(6) For purposes of this paragraph (d), a lease must indicate that the DBE has exclusive use of and control over the truck. This does not preclude the leased truck from working for others during the term of the lease with the consent of the DBE, so long as the lease gives the DBE absolute priority for use of the leased truck. Leased trucks must display the name and identification number of the DBE.
(e) Count expenditures with DBEs for materials or supplies toward DBE goals as provided in the following:
(1)(i) If the materials or supplies are obtained from a DBE manufacturer, count 100 percent of the cost of the materials or supplies toward DBE goals.
(ii) For purposes of this paragraph (e)(1), a manufacturer is a firm that operates or maintains a factory or establishment that produces, on the premises, the materials, supplies, articles, or equipment required under the contract and of the general character described by the specifications.
(2)(i) If the materials or supplies are purchased from a DBE regular dealer, count 60 percent of the cost of the materials or supplies toward DBE goals.
(ii) For purposes of this section, a regular dealer is a firm that owns, operates, or maintains a store, warehouse, or other establishment in which the materials, supplies, articles or equipment of the general character described by the specifications and required under the contract are bought, kept in stock, and regularly sold or leased to the public in the usual course of business.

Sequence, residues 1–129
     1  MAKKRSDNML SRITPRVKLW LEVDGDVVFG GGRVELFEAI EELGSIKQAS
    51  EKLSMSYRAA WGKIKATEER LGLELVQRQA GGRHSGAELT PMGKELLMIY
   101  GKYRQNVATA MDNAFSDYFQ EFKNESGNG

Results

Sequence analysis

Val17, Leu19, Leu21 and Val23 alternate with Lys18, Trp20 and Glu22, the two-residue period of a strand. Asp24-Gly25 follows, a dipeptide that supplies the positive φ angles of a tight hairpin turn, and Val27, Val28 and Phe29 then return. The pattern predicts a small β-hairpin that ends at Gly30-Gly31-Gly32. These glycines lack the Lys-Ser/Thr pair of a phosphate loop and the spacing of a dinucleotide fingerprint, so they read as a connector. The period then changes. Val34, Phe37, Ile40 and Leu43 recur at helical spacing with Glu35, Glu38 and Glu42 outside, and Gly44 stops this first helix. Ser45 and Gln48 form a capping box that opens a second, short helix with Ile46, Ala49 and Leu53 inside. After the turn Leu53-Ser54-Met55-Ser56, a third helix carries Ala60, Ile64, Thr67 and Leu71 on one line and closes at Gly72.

(A) To be a regular dealer, the firm must be an established, regular business that engages, as its principal business and under its own name, in the purchase and sale or lease of the products in question.
(B) A person may be a regular dealer in such bulk items as petroleum products, steel, cement, gravel, stone, or asphalt without owning, operating, or maintaining a place of business as provided in this paragraph (e)(2)(ii) if the person both owns and operates distribution equipment for the products. Any supplementing of regular dealers' own distribution equipment shall be by a long-term lease agreement and not on an ad hoc or contract-by-contract basis.
(C) Packagers, brokers, manufacturers' representatives, or other persons who arrange or expedite transactions are not regular dealers within the meaning of this paragraph (e)(2).
(3) With respect to materials or supplies purchased from a DBE which is neither a manufacturer nor a regular dealer, count the entire amount of fees or commissions charged for assistance in the procurement of the materials and supplies, or fees or transportation charges for the delivery of materials or supplies required on a job site, toward DBE goals, provided you determine the fees to be reasonable and not excessive as compared with fees customarily allowed for similar services. Do not count any portion of the cost of the materials and supplies themselves toward DBE goals, however.
(f) If a firm is not currently certified as a DBE in accordance with the standards of subpart D of this part at the time of the execution of the contract, do not count the firm's participation toward any DBE goals, except as provided for in Sec. 26.87(i)).
(g) Do not count the dollar value of work performed under a contract with a firm after it has ceased to be certified toward your overall goal.
(h) Do not count the participation of a DBE subcontractor toward the prime contractor's DBE achievements or your overall goal until the amount being counted toward the goal has been paid to the DBE.